Three from Hopkins named to National Academy of Inventors

Cardiologist Ronald Berger, neurologist Ted Dawson, and biomedical engineer Jordan Green are among 164 selected to join the academy this year

Three Johns Hopkins faculty members are among 164 creators or co-developers elected as fellows of the National Academy of Inventors, a distinction that recognizes the people behind the outstanding inventions that have made a difference for society. They join the more than 4,000 current fellows of the academy, which features members of more than 250 institutions worldwide.

Composite image of three people

Image caption: Faculty members (clockwise from top left) Ronald Berger, Ted Dawson, and Jordan Green were selected to join the National Academy of Inventors

Image credit: Johns Hopkins Medicine

The honorees from Johns Hopkins are:

  • Ronald Berger, the Nicholas J. Fortuin, MD, Professor in Cardiology and a professor of medicine at the Johns Hopkins School of Medicine. Berger is a cardiologist who specializes in the treatment of cardiac arrhythmia and the development of implantable defibrillators for patients with life-threatening arrhythmias.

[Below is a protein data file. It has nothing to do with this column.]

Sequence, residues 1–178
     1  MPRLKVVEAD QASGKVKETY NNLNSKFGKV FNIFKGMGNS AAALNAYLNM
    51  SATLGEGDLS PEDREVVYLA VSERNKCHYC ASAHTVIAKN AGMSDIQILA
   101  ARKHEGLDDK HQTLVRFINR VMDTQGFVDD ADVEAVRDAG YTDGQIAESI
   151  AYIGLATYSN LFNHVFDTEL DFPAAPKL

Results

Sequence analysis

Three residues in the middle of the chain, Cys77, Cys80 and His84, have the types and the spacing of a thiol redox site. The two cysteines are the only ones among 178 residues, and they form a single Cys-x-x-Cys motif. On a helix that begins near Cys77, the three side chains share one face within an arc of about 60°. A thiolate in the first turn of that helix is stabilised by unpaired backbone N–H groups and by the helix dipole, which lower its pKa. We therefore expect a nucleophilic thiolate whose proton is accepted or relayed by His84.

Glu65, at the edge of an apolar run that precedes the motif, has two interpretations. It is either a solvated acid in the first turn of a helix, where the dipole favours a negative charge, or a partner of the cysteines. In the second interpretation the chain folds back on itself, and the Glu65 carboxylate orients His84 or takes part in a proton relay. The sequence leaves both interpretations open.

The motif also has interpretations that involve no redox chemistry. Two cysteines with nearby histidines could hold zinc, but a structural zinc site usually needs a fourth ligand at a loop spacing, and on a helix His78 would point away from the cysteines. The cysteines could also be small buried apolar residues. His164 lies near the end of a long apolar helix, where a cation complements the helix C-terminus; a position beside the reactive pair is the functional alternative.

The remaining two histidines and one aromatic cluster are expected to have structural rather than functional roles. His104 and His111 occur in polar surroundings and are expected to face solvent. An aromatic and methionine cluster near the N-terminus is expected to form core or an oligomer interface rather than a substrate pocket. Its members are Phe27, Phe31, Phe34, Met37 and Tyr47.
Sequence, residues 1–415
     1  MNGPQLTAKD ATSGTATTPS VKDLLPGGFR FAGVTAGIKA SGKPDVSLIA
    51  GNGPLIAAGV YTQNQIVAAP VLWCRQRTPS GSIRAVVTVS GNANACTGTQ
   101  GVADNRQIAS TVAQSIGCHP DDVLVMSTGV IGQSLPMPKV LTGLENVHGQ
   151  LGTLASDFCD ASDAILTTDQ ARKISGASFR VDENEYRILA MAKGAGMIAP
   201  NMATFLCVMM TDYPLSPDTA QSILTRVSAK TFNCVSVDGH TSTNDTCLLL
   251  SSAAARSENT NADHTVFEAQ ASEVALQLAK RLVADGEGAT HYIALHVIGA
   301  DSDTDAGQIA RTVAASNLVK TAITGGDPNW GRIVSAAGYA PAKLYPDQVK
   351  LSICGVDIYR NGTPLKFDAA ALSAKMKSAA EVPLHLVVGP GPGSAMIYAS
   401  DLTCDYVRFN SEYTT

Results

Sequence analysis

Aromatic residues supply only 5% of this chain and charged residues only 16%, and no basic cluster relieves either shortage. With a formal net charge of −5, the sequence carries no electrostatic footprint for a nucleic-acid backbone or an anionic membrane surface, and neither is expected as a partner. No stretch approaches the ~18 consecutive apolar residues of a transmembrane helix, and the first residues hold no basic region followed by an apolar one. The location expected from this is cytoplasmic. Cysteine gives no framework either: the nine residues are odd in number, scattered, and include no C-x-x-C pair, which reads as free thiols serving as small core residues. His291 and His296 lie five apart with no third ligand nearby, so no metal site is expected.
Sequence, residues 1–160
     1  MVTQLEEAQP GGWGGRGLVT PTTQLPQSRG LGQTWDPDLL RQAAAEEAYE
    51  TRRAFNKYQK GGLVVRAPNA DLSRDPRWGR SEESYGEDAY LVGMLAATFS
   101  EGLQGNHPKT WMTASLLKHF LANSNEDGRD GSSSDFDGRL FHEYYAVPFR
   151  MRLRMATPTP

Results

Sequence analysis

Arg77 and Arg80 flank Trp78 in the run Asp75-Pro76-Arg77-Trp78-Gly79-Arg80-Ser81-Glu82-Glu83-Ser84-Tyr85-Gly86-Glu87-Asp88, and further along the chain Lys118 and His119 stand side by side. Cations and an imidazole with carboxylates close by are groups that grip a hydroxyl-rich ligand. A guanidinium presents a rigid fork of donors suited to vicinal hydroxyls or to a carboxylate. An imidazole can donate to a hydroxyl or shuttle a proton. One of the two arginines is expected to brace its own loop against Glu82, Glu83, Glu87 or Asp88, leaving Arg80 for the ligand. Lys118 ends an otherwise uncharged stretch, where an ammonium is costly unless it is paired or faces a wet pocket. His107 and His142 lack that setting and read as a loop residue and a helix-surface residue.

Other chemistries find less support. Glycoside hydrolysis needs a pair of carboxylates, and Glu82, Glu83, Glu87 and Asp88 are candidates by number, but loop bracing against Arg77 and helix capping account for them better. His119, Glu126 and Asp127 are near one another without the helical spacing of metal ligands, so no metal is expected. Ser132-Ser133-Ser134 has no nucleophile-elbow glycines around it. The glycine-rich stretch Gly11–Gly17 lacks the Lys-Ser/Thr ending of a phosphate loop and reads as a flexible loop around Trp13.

• Ted Dawson, director of the Institute for Cell Engineering and a professor of neurology at the School of Medicine. Dawson's discoveries have led to innovative approaches and new agents to treat neurologic disorders such as Parkinson's disease and Alzheimer's disease.
  • Jordan Green, director of the Biomaterials and Drug Delivery Laboratory and a professor of biomedical engineering in the School of Medicine and Whiting School of Engineering. Green's research focuses on developing biomaterials and nanobiotechnology to meet challenges in regenerative medicine and to better understand and control the therapeutic delivery of genetic material and drugs to cells.

The new class of fellows collectively hold more than 4,800 issued U.S. patents. They will be inducted into the academy during a meeting June 15, 2022, in Phoenix.